As it has done in previous years, the Automobile Association (AA) is again urging the minister of finance, Tito Mboweni, not to increase fuel levies when he delivers his budget speech to parliament on February 24. Any increases announced by Mboweni on Wednesday come into effect in April.
“We also again acknowledge that the minister is faced with a difficult task as he outlines priorities for the next year. SA’s fragile economy, which has been dealt a further massive blow by the impact of Covid-19, is in a dire state, with many millions of South Africans in worse financial positions than they were this time last year. Minister Mboweni will have to carefully balance the needs of government with the ability of citizens to fund those needs,” says the AA.
The association says it is acutely aware that the fiscal relief needed to ease the country’s financial burden must come from various quarters, including citizens. This position has been worsened by the reduction in tax revenue as a result of the tobacco and alcohol bans, and the reduction in fuel taxes because people are using their vehicles less. However, the AA believes that any adjustments to the fuel levies will add another layer of financial demand on consumers who are already under heavy personal financial strain.
“A percentage increase – even one in line with inflation – may not seem onerous but combined with increases to other goods and services it will add up. South Africans are not only feeling the pinch right now, but they are feeling the bite, and an increase to the levies will add to their woes. In light of the financial devastation on businesses and individuals caused by Covid-19 we believe levy increases will be counterproductive and harmful,” says the association.
There are two major taxes included in the fuel price – the General Fuel and Road Accident Fund levies – which together comprise between 37 and 42% of the price of every litre of petrol and diesel sold in the country.
The General Fuel Levy (GFL) is currently pegged at R3.77 per litre of petrol and R3.63 per litre of diesel, while the Road Accident Fund levy (RAF) stands at R2.07 per litre for all fuel. Together they add up to R5.84 on every litre of petrol (just more than 37% of the total cost), and R5.70 on every litre of diesel (42% of total cost calculated against recommended resale price).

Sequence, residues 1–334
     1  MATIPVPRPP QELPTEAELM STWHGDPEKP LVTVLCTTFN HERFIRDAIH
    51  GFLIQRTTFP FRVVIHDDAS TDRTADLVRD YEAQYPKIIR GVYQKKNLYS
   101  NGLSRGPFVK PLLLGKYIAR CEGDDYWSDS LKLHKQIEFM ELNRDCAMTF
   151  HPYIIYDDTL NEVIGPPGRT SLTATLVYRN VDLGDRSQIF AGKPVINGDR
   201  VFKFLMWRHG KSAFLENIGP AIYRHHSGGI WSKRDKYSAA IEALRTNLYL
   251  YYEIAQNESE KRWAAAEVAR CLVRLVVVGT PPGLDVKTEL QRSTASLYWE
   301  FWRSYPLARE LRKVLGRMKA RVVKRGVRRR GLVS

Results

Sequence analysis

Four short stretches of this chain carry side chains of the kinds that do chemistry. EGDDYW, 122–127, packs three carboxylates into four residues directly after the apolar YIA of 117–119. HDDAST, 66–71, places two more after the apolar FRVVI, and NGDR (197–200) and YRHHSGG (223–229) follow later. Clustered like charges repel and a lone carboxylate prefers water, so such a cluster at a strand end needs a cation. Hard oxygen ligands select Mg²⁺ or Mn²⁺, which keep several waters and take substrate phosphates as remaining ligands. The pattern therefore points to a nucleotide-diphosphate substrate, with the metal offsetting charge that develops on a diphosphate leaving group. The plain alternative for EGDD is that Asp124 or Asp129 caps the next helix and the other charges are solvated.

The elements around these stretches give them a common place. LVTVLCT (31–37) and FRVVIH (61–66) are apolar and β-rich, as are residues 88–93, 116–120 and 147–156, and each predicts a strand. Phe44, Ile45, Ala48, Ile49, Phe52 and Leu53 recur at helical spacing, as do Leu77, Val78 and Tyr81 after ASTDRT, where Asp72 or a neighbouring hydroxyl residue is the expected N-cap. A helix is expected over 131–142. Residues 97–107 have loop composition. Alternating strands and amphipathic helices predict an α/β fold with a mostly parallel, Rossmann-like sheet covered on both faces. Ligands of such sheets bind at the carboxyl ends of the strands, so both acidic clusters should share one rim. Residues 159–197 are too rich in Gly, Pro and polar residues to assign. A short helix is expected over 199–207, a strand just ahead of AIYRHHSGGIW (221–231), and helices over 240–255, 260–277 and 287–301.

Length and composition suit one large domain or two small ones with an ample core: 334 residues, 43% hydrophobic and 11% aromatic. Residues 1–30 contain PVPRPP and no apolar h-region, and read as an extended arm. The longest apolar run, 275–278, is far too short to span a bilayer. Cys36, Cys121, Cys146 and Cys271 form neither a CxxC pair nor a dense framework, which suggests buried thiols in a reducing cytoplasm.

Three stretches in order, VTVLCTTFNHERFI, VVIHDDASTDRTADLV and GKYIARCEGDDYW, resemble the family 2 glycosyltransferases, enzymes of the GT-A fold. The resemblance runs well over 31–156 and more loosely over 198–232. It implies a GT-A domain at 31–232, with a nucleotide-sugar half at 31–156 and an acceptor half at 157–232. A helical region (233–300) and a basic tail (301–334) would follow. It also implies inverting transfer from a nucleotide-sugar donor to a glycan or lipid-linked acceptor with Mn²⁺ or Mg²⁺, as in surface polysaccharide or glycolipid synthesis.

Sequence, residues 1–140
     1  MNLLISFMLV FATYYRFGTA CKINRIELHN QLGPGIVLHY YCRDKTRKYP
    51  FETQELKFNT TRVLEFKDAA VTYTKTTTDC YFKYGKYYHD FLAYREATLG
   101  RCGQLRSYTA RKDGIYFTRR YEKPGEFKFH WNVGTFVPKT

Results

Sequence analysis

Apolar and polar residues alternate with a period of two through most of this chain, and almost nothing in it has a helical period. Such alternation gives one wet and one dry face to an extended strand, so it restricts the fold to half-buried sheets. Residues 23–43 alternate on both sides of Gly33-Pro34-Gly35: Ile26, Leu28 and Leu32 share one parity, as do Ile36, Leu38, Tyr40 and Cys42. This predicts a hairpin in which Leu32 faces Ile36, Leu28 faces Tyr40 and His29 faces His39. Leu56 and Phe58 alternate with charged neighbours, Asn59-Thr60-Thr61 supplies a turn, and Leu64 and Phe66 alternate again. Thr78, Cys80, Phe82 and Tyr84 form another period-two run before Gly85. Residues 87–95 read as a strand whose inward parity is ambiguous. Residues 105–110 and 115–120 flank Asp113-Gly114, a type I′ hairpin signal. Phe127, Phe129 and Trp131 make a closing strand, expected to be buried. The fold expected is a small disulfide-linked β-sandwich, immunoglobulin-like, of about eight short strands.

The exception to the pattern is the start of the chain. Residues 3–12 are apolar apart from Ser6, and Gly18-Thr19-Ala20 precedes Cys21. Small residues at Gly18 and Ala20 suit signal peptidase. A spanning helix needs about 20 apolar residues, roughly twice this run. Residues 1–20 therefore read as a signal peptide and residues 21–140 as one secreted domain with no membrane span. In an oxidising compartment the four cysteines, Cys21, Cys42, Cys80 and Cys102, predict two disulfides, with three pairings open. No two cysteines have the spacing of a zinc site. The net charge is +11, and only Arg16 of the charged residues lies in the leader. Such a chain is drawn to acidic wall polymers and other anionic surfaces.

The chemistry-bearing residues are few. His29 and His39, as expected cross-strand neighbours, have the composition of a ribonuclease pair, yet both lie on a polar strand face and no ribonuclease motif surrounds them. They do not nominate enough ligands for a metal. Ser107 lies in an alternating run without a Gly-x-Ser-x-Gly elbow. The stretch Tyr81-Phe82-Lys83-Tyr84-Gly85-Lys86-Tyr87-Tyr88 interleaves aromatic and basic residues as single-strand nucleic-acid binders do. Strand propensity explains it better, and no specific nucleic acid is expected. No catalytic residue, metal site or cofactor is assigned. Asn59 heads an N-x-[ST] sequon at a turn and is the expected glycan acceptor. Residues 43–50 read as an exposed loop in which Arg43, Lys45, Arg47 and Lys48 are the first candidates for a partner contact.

Neighbouring countries who buy fuel directly from SA do not add these taxes to their fuel pricing, making their fuels cheaper than they are in the country which supplies them.
“It is worth repeating that any increases to the fuel levies go hand-in-hand with increases to public transport fares – including taxis. Increases to the fuel levies also contribute to increased input costs of manufacturers, suppliers and the agricultural sector which are absorbed through increases passed on to consumers, many of whom cannot afford even slightest changes to their monthly budgets,” says the AA.
The association adds that any tax increases must be viewed against the backdrop of government spending, and that citizens are mindful of ongoing and systemic corruption, bailouts, increases to utility charges, and a bloated civil service. The AA notes that all of this is coming at a time when hundreds of thousands of people have either lost their jobs, or had their salaries or wages reduced.
The AA says it would also like to remind the minister that while jobs are scarce, people who are seeking employment – or who are low-income earners – are reliant on safe, affordable, and reliable transport to find and maintain those jobs. Any additional financial pressure on these citizens will invariably have a direct impact on employment, and by extension the greater economy.